The dramatic story of the Bushmen of the Kalahari is a cautionary tale about water in the twenty-first century–-and offers unexpected solutions for our time.
"We don’t govern water. Water governs us", writes James G. Workman. In Heart of Dryness, he chronicles the memorable saga of the famed Bushmen of the Kalahari–-remnants of one of the world’s most successful civilizations, today at the exact epicenter of Africa’s drought–-in their widely publicized recent battle with the government of Botswana, in the process of exploring the larger story of what many feel has become the primary resource battleground of the twenty-first century: the supply of water.
The Bushmen’s story could well prefigure our own. In the U.S., even the most upbeat optimists concede we now face an unprecedented water crisis. Each year, around the world, inadequate water kills more humans than AIDS, malaria, and all wars combined. Workman illuminates the present and coming tensions we will all face over water and shows how, from the remoteness of the Kalahari, an ancient and resilient people is showing the world a viable path through the encroaching Dry Age.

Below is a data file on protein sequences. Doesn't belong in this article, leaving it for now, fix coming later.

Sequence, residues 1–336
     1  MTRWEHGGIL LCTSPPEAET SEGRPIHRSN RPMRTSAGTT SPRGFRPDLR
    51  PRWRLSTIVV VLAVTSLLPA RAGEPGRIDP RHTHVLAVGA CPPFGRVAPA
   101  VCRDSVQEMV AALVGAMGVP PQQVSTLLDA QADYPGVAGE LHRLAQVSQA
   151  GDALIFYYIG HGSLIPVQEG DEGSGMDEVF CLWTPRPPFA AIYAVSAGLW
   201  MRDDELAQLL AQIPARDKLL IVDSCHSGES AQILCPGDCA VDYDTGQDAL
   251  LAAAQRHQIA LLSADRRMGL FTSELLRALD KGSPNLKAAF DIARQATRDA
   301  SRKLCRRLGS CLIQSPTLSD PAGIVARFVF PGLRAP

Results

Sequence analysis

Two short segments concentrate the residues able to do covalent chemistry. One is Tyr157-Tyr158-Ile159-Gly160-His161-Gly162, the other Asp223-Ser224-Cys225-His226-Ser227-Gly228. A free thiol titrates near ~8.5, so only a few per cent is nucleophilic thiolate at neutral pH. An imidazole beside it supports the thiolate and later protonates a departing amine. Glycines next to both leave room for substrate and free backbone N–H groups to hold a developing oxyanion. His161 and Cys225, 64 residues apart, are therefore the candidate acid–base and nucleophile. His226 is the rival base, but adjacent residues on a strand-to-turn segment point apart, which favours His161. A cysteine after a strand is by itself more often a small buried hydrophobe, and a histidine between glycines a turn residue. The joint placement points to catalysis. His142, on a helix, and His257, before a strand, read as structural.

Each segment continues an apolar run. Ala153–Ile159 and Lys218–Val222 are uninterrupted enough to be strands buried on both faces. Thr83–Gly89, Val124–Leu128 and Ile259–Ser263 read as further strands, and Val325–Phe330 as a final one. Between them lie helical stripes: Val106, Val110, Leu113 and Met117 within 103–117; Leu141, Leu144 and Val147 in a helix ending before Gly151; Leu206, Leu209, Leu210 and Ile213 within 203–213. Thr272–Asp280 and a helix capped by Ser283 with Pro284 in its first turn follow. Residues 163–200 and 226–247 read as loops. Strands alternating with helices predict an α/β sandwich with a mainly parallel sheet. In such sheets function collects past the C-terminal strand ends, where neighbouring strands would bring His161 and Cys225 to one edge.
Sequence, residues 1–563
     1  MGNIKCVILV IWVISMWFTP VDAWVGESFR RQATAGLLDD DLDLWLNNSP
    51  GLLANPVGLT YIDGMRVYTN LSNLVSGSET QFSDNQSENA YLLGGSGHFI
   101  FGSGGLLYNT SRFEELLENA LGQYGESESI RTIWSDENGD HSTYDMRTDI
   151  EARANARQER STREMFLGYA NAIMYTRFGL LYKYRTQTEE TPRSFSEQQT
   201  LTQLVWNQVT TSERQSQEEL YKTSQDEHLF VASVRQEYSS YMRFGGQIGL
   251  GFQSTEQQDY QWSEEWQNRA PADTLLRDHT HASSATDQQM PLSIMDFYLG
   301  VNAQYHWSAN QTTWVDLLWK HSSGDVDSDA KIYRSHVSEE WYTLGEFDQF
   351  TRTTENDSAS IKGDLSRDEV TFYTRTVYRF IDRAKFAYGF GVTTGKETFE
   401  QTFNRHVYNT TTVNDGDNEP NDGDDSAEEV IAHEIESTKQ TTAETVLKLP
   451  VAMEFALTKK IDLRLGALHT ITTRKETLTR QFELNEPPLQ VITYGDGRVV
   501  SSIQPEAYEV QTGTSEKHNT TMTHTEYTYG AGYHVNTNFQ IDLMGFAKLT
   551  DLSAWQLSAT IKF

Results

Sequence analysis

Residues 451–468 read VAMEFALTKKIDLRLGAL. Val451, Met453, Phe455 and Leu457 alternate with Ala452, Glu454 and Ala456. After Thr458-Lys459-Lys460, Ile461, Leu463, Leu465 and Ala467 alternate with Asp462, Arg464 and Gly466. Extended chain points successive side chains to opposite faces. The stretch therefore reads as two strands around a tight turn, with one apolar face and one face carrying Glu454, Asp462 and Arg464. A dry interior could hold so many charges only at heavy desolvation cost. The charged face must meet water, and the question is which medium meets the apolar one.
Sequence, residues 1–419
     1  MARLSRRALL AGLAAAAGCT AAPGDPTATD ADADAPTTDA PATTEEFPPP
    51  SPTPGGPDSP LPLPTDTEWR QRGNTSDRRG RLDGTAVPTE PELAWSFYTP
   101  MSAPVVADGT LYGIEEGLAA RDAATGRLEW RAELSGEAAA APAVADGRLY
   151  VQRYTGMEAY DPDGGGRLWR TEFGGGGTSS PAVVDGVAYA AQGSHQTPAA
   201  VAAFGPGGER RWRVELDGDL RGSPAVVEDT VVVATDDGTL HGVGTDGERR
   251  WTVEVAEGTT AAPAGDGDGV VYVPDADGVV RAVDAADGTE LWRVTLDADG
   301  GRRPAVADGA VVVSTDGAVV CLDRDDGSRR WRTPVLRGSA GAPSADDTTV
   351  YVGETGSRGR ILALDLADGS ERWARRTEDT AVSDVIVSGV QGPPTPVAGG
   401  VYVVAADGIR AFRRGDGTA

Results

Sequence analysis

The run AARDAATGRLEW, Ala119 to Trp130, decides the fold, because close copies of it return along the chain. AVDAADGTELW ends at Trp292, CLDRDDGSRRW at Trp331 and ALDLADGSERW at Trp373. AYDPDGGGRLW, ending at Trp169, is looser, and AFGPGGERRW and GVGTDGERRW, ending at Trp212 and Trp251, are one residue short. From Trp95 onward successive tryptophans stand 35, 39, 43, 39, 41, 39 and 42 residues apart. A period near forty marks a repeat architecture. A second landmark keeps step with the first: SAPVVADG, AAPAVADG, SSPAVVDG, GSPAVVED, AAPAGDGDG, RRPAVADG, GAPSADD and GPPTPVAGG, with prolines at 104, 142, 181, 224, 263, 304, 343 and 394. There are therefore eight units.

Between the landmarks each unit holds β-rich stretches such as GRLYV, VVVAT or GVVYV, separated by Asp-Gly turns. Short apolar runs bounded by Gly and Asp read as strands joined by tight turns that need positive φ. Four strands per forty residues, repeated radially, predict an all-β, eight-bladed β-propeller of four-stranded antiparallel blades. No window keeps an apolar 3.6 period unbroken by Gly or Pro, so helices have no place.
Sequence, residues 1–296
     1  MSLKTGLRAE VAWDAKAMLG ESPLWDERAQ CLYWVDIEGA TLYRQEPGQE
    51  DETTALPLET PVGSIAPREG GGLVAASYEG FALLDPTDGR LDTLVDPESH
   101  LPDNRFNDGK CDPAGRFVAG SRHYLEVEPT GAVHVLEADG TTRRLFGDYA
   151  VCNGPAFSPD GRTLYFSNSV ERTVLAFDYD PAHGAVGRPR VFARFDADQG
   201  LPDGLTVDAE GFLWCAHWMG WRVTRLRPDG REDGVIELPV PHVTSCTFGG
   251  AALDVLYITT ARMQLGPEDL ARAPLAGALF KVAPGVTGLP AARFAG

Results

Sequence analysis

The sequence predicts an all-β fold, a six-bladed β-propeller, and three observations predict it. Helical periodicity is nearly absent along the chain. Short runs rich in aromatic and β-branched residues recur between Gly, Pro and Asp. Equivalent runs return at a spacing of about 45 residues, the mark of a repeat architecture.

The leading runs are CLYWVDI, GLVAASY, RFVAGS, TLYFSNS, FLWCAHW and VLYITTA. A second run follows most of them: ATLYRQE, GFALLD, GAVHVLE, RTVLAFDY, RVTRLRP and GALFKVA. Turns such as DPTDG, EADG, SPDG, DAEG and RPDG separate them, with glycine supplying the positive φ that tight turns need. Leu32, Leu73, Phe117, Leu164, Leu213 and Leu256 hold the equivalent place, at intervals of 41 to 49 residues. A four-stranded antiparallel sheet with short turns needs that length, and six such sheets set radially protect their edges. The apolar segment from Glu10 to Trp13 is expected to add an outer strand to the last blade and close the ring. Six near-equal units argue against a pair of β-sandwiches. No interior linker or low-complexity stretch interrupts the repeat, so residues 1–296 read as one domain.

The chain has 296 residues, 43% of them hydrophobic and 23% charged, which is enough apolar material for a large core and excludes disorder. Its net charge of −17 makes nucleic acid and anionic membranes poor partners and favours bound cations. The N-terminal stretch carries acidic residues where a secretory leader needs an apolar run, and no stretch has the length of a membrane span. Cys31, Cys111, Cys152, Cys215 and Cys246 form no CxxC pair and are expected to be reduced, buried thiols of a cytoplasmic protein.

James G. Workman began his career as a journalist in Washington, D.C., for the New Republic, Washington Monthly, Utne Reader, Orion, and other publications. He was a speechwriter in the Clinton administration, working closely with Interior Secretary Bruce Babbitt, and steering the "dambuster" campaign to tear down river-killing dams. He helped edit and launch the report of the World Commission on Dams, and spent two years filing dispatches on water scarcity in Africa, work which formed the basis of a NPR show and documentary. He is now a water consultant to politicians, businesses, aid agencies, development institutions, and conservation organizations on four continents.
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Added by pamgrange on July 28, 2009